Nothing can ever come out of nothing. Apply this truth to writing and we all understand that a book is the product of its time and its writing draws on everything that has gone before it that makes books and writing possible.
Intentional: How to Live, Love, Work and Play Meaningfully is no exception. Indeed, in the very preface of it, on the page where I describe the book, I mention specifically that “Nothing is truly original, … everything is borrowed from somewhere else and made to fit the moment and its time.” This is not the same as saying that everything is derivative however. Thoughts and ideas have context and the context defines their meaning. We have all known how to live a meaningful life since the 3rd century BC and the Stoics but in the 21st century it’s taken a global credit crunch, a pandemic and now, a war to de-couple us from our consumer-as-usual mode and alert us to the fact that far-flung events truly affect us, the choices we make from one moment to the next accumulate and become our life, and that nothing we experience from this moment on will be a return to the ‘normal’ we left behind the time stamp of each of these significant events.
As a matter of fact, each of these events, can be seen as a portent, warning us that things were about to change. Collectively they make a pretty convincing case that the change we felt coming is now upon us. The inflection point, behind us.
“Intentional” began as the seed of an idea while I was still writing The Sniper Mind. Chances are that it would most probably have remained a seed had not the pandemic come along. It was clear to me, then, that as the external world span out of our control and as were stripped from most of the guardrails society puts in place to guide our behavior and channel our mental and physical resources, we would be forced to become more conscious of who we are, what we want and what we have to do.
Nothing Comes From Nothing
Nature abhors a vacuum. This means that nothing can come out of nothing which is a fancy way of saying that everything we feel, think, understand and do comes from somewhere. What is true of thoughts and ideas is also true of books and movies which are basically vehicles for thoughts and ideas.
Something as sallow as “Wanted” for instance (see what I mean in the trailer below) that’s designed to entertain is still rooted in reality otherwise we would be unable to accept its premise long enough to suspend our disbelief and believe in its storyline. Reality, in the “Wanted” universe is grounded in what we know and what we feel interspersed by “what if” moments that make us feel entertained, but can also make us think.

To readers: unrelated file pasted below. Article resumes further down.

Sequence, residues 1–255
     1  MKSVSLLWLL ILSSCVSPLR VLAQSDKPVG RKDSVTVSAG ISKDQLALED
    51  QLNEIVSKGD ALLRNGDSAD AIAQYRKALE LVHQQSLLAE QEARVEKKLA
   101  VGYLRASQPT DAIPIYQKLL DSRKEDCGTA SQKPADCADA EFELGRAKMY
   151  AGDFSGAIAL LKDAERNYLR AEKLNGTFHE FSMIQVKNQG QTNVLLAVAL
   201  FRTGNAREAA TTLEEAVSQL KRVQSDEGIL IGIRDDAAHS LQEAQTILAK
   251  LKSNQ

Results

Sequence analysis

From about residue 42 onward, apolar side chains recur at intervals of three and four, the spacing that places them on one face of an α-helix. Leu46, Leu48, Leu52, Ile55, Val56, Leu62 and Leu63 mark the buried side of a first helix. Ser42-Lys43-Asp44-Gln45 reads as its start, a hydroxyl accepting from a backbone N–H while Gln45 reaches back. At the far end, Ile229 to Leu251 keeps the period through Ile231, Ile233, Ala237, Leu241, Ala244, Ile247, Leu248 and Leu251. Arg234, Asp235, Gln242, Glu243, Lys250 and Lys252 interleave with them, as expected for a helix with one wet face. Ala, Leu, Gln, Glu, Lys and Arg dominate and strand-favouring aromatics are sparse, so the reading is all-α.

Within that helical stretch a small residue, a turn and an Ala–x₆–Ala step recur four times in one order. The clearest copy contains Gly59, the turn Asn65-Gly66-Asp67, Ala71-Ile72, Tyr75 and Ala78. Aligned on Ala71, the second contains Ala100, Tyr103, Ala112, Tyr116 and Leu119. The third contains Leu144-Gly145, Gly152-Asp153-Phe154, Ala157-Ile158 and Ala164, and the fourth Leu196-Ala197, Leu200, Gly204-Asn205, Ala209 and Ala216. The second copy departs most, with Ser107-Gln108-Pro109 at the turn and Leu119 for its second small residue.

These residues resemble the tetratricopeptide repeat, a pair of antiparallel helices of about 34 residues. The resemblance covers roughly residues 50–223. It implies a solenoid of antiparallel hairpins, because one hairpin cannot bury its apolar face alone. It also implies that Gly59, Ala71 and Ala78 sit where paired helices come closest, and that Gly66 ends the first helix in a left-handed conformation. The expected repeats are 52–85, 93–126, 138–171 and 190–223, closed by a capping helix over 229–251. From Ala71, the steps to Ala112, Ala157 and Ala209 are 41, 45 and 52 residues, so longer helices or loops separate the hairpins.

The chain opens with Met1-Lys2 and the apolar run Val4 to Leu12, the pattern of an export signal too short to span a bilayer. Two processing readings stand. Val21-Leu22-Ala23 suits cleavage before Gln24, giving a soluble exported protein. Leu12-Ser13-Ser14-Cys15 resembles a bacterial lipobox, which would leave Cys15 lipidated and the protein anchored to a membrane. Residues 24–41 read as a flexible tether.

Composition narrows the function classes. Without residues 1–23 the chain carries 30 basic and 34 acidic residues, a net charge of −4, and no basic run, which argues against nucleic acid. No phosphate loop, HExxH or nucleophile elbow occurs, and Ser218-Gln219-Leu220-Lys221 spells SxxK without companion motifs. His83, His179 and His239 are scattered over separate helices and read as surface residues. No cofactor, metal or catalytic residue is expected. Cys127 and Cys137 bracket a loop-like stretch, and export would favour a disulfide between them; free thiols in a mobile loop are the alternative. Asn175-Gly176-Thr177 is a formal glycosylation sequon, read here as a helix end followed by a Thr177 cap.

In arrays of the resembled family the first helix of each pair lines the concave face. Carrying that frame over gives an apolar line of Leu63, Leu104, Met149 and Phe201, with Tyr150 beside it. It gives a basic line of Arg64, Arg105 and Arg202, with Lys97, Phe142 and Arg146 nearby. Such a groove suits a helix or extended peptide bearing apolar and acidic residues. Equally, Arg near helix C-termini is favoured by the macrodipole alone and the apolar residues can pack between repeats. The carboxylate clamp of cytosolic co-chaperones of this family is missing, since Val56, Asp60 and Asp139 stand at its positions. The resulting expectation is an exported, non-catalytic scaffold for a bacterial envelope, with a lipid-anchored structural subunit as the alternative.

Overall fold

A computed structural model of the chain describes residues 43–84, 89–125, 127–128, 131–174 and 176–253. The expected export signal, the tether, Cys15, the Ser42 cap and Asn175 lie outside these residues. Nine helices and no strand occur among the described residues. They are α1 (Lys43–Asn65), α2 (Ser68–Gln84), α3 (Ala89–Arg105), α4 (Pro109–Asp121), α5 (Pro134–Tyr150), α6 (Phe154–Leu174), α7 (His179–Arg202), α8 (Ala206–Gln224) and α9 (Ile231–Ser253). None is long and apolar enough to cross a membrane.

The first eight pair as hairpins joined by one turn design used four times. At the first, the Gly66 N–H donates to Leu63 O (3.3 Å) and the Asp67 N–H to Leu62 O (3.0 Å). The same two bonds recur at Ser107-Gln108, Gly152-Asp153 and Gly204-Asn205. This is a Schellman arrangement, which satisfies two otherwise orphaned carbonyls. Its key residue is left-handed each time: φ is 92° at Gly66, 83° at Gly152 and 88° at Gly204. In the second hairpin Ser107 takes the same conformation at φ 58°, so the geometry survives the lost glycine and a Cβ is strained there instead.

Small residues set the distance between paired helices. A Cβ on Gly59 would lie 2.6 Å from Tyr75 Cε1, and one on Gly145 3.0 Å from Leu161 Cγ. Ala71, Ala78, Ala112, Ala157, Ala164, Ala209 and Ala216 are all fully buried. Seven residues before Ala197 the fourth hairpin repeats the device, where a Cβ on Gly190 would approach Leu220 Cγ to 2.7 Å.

What is the meaning of our life? What is our purpose?
Sure, we don’t truly go to a film like that expecting to trigger deep thoughts. Regardless, deep thoughts are there to be experienced. Neuroscience explains why. Narrative is a mechanism our brain uses to make sense of the world. We need the world to make sense so that we can better understand the internal logic that runs it. When we understand that logic we are better positioned to predict what will happen next. Without the capacity to predict the next moment as accurately as possible we find survival difficult.
So narrative is the mental device we use to achieve all that. In order to better prepare us for what may happen in a world whose external forces we do not control, our brain runs “what if” scenarios. “What if” scenarios however only drive home how little we know, how much uncertainty bedogs our every decision and how potentially hostile the external world can be.
If we truly quantify all this and feel it we get anxious. Anxiety induces a lot of stress and not of the good kind. Unresolved, background stress raises our cortisol levels, affects our immune system, depresses higher executive function and shortens our lifespan. In other words, running “what if” scenarios in order to better prepare ourselves to survive unexpected events we may encounter only achieves the opposite.
Narrative Saves Our Life And Safeguards Our Mental Health
The solution to that conundrum is provided by narrative. Huddled around ancient campfires, long before we could write or even be capable of higher, abstract thought, we shared stories. The stories we shared allowed us to safely remove the anxiety associated with our various propositions of how the world works. In the relative safety of companions we knew and trusted and in places where we could relax, we used narrative to internalize culture, shape values and reinforce beliefs.
All of which brings me to “Intentional”. In examining how we behave, what makes us and how we can better control the forces that drive us I pulled from popular culture, literature, books, novels and films over a span of nearly 150 years.
Dozens of films and books across a 150-year span of popular culture are referenced in "Intentional: How to Live, Love, Work and Play Meaningfully". Explore this in more detail with this larger image, here.
As it turned out I’d seen or read all of them with the exception of Claus von Clausewitz’s book “On War” and an Almanac from 1874 which is the earliest work I reference. As the diagram above makes clear, “Intentional” is a synthesis of many other ideas, thought and concepts, each of them explored individually, some in-depth and others not so much, and now brought together in a whole that’s designed to give you a much bigger picture of how the world works.
In that regard it does nothing that a campfire tale wouldn’t have done 400,000 years ago. It is backed by 159 scientific studies that are referenced in the bibliography which stretches to almost fifteen pages. It pulls together the latest in scientific thought from the fields of neuroscience, sociology and social psychology. But it’s still a tale of thoughts and ideas that allow you to feel you can better control yourself and reduce the amount of control the external world exerts on you.